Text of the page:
The Detroit Tigers were one of at least fifteen teams at Tim Lincecum‘s showcase on Thursday. Could he be considered for a bullpen role?
The Detroit Tigers, like many rebuilding teams, are prone to taking chances on guys who they think could bounce back. That is why it is no surprise that they were known to be in attendance at a showcase for two time Cy Young winner Tim Lincecum, who last pitched in the majors in 2016.
The Tigers seemingly have their rotation all set. Returners Michael Fulmer, Jordan Zimmermann, Daniel Norris and Matt Boyd will be joined by Mike Fiers to make up the rotation. Additionally, minor league signees Ryan Carpenter and Travis Wood will both compete for a spot, and veteran relief pitcher Alex Wilson is competing for a starting role as well.
On the outside, that makes Lincecum a tough fit for the Tigers. However, there is one way that he could likely make his way into the Old English D:
Lincecum as a reliever
Tim Lincecum has pitched in 278 games in his big league career, starting 270 of them. He made one relief appearance in 2008 and seven in 2014. Needless to say, his preference is to return to the big leagues as a starter.
Lincecum posted a 9.16 ERA across nine starts in 2016. That, combined with the fact that he did not play organized baseball in 2017, will leave him looking at nothing more than a minor league deal this offseason. While plenty of teams will offer him that, his odds of cracking a rotation are slim.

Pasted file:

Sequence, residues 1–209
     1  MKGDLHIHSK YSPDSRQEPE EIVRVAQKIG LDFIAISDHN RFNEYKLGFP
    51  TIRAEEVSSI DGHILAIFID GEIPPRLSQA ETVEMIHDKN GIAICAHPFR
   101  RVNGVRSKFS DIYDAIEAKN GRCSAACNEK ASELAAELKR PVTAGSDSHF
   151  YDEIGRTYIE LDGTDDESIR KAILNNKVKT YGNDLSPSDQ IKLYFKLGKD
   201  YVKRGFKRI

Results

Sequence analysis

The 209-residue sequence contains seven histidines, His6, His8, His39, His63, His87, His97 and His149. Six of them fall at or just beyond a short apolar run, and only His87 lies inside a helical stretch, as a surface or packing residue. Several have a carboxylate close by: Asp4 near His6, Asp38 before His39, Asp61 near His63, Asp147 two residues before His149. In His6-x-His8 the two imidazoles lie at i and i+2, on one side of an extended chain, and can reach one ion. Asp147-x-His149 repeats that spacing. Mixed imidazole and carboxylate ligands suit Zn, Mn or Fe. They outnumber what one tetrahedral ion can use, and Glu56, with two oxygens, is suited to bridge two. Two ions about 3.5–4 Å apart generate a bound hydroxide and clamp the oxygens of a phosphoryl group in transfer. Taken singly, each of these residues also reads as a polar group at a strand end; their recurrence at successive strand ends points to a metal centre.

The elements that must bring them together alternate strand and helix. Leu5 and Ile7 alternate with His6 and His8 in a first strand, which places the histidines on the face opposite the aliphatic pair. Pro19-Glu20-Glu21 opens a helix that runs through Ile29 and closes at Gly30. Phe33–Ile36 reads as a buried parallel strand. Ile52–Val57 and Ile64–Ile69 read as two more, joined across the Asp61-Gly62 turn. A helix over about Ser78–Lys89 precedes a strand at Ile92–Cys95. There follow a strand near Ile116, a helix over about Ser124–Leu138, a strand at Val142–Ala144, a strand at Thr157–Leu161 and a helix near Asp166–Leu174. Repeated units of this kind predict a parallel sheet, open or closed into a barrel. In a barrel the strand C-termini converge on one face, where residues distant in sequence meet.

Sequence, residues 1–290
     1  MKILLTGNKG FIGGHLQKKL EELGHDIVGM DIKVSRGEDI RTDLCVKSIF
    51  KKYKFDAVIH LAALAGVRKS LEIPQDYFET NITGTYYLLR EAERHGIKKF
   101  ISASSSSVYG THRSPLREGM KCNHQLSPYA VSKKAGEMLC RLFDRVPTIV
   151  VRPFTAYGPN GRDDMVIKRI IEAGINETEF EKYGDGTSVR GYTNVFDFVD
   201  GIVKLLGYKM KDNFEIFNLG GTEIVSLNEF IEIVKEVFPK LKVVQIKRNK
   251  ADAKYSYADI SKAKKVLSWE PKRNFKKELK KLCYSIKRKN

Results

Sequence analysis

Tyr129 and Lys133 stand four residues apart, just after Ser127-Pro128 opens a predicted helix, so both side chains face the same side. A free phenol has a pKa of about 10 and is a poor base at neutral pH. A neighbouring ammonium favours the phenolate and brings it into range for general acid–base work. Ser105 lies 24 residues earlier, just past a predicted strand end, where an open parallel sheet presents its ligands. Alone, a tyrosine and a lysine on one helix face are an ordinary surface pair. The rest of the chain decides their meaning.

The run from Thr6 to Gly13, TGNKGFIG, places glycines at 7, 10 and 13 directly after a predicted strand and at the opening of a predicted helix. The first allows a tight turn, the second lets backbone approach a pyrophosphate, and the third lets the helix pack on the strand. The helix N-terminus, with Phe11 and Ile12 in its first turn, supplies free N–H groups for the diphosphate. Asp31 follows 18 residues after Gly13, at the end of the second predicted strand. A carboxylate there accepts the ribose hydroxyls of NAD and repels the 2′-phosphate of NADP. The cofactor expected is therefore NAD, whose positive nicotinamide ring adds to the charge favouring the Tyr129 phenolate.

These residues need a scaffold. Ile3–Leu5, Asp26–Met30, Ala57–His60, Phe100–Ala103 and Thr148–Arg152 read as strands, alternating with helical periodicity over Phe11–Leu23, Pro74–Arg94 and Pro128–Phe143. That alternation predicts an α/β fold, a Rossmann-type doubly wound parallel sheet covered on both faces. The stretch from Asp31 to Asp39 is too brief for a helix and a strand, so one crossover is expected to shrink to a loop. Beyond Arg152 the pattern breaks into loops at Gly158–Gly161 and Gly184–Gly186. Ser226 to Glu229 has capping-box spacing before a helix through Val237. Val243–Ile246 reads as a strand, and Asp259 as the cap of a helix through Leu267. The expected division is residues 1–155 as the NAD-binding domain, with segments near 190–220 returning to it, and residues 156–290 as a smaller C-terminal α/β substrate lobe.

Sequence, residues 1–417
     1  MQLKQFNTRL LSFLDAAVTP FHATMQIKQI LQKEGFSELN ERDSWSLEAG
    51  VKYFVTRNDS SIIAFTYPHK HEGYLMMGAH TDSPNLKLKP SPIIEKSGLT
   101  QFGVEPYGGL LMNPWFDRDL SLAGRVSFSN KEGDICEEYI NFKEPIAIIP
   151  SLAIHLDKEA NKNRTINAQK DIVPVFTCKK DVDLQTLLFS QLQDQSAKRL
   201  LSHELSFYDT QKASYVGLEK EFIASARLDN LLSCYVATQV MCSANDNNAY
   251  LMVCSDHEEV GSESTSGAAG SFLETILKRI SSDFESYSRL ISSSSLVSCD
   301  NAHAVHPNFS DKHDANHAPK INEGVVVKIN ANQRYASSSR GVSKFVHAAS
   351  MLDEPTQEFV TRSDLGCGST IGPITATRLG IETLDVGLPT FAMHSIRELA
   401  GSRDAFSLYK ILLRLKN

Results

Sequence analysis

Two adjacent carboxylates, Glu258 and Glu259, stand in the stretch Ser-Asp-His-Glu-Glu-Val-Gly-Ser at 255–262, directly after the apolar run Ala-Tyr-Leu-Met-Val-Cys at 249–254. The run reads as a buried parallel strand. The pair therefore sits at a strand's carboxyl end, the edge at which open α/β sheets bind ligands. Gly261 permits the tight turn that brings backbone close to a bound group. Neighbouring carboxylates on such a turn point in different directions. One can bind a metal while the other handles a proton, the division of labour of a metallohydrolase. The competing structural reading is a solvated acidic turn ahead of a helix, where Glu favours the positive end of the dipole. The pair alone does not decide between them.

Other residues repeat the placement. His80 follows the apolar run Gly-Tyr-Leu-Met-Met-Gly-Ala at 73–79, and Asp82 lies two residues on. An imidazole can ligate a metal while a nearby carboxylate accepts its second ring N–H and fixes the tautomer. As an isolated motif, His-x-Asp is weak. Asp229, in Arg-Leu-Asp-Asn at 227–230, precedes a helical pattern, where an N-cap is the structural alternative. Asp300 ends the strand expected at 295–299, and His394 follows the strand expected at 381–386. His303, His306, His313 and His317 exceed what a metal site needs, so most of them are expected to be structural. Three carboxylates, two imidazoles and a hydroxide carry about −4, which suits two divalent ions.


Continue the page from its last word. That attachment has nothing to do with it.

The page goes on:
If Lincecum were willing to entertain the idea of coming out of a bullpen, the Tigers should jump all over that.
Lincecum’s value as a pitcher has come primarily from his split-finger and his slider, two pitches that he struggled with in 2016. However, he has posted a career 21.6% swinging strike rate on his split-finger, and 16.7% on his slider. Those are both well above average, and would likely see a bump if he moved to the bullpen.
His four-seam fastball, curveball and sinker have all had success in the major leagues. However, he has not been as successful with them in his later years. Perhaps a move to the bullpen, where Lincecum would only need to rely on 2-3 pitches, would help him. He could focus primarily on his split-finger and slider, occasionally mixing in his fastball. That would help him post the high strikeout numbers and low ERA’s of his younger days. A move to the bullpen would come with the added bonus of increased velocity, as Lincecum would not have to save his arm for multiple innings.
Lincecum has made it clear his preference is to remain on the west coast. There’s no guarantee he will consider signing with Detroit, let alone take on a role in the bullpen.
However, Lincecum’s pitch data suggests that he could find a ton of success as a split/slider reliever. The Tigers have plenty of competition for their remaining bullpen spots, but Lincecum would certainly be welcomed in the Motor City.